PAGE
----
Before he was the governor of Georgia, the president of the United States and a Nobel Peace Prize recipient, Jimmy carter was a Lion.
"I reached for the highest pinnacle of social success in Plains, Georgia, and that was to become a Lion," said Carter.
The 84-year-old has kept close ties with the Lions Club, and visited the club's international headquarters in Oak Brook to dedicate the "Gift of Sight" statue. It's a symbol of the club's extensive work in the field of blindness prevention in third world countries.
Carter says, there's been great progress.
"Even more gratifying for me is to go into a village in Africa or Latin America and see people who have suffered all their lives and know they will never again go blind," said Carter.
President Carter is in town not only to promote the Lions Club's efforts, but also his latest book on resolving the ongoing conflict in the Middle East. It's an effort he says the current president is already taking to heart.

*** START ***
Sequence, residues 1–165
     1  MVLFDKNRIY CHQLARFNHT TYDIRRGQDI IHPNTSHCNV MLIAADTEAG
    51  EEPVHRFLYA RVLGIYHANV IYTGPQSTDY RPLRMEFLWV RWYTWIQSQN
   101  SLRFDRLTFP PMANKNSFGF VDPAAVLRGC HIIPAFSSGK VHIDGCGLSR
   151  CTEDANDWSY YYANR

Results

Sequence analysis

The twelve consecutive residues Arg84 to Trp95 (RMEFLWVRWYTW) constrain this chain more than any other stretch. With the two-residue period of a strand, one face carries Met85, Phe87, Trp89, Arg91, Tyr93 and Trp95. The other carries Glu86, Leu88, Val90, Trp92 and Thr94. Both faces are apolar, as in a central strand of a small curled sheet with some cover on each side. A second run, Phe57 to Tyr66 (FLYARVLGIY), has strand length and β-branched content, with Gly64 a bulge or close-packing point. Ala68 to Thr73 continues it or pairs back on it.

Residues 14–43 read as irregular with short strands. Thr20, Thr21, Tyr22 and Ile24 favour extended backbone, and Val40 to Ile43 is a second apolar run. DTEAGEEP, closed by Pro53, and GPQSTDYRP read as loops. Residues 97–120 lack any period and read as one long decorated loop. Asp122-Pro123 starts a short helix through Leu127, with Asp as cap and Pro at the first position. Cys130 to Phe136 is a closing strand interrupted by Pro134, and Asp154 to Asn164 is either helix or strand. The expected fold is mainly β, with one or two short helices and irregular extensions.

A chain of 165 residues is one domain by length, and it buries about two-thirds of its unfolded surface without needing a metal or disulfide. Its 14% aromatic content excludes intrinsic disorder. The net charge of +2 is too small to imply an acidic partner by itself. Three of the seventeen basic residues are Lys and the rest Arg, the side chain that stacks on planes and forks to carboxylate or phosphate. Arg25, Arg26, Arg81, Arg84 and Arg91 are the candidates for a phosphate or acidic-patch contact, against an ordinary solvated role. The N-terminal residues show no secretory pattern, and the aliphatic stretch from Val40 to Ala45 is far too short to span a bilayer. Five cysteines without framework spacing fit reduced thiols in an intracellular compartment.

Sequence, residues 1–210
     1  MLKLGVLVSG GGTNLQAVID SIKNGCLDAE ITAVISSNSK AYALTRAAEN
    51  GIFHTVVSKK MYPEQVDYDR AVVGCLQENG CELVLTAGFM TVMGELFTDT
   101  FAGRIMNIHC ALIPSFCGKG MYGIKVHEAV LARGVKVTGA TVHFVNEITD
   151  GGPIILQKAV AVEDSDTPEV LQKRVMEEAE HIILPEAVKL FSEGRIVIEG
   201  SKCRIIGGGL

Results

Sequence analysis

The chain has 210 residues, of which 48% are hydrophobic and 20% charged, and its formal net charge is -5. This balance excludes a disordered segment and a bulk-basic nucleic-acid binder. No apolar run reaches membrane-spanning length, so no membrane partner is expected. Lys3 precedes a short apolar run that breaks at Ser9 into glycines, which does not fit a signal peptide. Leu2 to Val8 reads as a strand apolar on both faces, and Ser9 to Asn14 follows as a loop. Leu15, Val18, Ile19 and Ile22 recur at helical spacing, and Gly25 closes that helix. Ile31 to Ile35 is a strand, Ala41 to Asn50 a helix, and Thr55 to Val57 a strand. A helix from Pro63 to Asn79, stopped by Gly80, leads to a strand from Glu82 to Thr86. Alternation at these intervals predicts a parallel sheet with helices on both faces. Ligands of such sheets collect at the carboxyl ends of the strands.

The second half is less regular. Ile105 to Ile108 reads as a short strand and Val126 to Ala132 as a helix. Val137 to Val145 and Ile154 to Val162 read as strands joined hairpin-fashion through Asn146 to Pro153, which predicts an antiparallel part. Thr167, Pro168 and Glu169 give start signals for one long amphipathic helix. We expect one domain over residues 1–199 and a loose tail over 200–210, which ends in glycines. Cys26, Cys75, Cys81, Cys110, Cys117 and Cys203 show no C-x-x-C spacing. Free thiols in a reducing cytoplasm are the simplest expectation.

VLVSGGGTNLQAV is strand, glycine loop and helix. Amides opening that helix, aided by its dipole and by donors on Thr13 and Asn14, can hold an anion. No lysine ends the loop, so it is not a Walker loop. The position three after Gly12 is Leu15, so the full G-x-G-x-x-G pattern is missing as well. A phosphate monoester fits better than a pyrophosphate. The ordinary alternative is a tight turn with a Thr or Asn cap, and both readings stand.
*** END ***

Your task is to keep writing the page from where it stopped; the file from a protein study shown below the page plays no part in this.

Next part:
"When I talked to then Senator Obama, I asked him about this. He said, I'm going to start when I first get in the White House if I'm elected. And he's done it," said Carter.
Barack Obama granted his first formal interview as president to an Arabic TV station where he said there will be a more diplomatic, respectful approach from the U.S. to the Middle East.
"It's no doubt that it's very helpful to have a president which I believe we have now, who will be inspirational, eloquent and can cause people to reach beyond themselves," said Carter.
Carter says he will continue his work of reaching out to people in need around the world.